Conflict Resolution

Marilyn Smith passed along a wonderful cartoon from The New Yorker magazine a few months ago that pictures two opposing armies carrying banners emblazoned with an animal’s head. The caption quotes one army’s general saying, “There can be no peace until they renounce their Rabbit God and accept our Duck God.” The pictures on the banners, of course, can be seen as either a duck or a rabbit. The cartoon is amusing and insightful at many different levels. Column 051515

Too often, we look at the same set of facts and circumstances and reach different conclusions based on our own beliefs and biases. My duck is your rabbit, and we are prepared to fight to prove that our view is the only correct one, regardless of whether the difference really matters. I have seen far too many conflicts develop and grow because the need to be right outweighed the importance of doing what was best for all parties.

Usually these conflicts are fueled by finger pointing, name calling, and other equally bad techniques that may provide momentary satisfaction at the expense of understanding. Aggrieved parties then begin to look for opportunities to be offended, rather than more productively working to find solutions. Without positive intervention, the dispute ends up in court or in the worst cases, violence.

I recognize that every dispute has its own dynamic, where a resolution technique that worked well in one situation is a complete failure in another. I believe, however, that there are practices that can help us get past disagreement without poisoning future relationships. Basic respect is almost always a useful tool in getting past differences. I may not like what another person is saying, and I may even dislike the person; but I still feel obligated to be polite whether that courtesy is reciprocated or not.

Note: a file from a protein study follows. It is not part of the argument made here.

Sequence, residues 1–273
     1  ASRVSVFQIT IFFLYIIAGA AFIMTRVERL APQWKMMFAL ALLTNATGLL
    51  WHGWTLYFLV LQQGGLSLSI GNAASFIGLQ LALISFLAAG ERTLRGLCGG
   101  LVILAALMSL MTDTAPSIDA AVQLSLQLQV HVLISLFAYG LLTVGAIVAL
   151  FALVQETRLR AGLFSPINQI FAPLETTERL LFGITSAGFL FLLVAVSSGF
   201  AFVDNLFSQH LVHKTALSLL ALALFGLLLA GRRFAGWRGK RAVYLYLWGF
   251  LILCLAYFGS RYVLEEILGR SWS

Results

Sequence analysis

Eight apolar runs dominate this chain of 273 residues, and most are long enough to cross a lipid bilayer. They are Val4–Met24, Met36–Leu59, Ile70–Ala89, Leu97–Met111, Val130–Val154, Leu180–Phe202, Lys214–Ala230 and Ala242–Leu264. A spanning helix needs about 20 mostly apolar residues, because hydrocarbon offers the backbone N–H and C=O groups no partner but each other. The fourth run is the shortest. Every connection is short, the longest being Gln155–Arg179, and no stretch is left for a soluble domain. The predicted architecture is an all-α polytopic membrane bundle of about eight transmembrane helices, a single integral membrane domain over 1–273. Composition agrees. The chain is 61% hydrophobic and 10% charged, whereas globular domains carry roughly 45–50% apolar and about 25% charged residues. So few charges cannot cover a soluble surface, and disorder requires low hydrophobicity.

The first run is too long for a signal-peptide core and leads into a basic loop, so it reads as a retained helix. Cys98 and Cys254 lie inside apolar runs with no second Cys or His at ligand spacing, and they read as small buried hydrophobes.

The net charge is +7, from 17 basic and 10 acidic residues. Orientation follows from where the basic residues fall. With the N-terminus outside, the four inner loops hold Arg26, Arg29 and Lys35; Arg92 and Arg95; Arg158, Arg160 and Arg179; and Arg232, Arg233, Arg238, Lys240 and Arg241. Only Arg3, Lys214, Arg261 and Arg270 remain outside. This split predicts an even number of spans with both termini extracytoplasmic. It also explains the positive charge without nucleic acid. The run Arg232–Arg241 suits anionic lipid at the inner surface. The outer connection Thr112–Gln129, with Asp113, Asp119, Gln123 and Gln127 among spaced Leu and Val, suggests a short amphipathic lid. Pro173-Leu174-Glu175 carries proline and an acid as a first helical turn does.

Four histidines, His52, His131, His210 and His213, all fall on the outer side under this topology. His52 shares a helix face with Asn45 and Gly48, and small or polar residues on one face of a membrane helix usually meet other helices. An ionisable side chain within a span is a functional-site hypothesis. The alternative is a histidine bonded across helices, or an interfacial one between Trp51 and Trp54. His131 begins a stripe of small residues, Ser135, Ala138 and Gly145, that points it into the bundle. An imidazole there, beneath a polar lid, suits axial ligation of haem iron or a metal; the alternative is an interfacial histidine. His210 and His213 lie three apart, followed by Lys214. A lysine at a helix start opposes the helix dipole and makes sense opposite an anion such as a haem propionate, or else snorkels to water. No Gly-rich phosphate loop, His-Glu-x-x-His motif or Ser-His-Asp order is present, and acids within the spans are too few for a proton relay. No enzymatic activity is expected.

I also begin with the assumption that the other person wants a positive outcome for both parties as much as I do. If we talk and share information, we should be able to find a place where we can agree. Questioning another’s motives usually just makes them mad and cuts off communication. I have seen many disputes where one or both parties stopped talking, escalated the conflict, and then claimed the other party wouldn’t listen. My experience is that most people hear well, but they don’t necessarily like what they’re hearing. Rephrasing or paraphrasing can be a useful way to put an issue in a different perspective. The duck and the rabbit head are easier to see from different angles.

Humor can help break down barriers and allow us to see things differently if it’s used with good judgment. It’s harder to stay angry or belligerent if you can see the humor in a situation and use it to relieve tension.

If all else fails, I prefer an arbitration or litigation to lining up armies. Courts are expensive, but they can resolve a situation with at least some attempt at fairness and impartiality. These processes also allow the parties to the dispute to part company without acrimony if they choose to do so. My hope is that we will develop more resources to resolve disputes without the financial and emotional costs of litigation. It would be even better if we could figure out how to resolve all our conflicts with our own goodwill, sound judgment, and the ability to understand the other person’s point of view.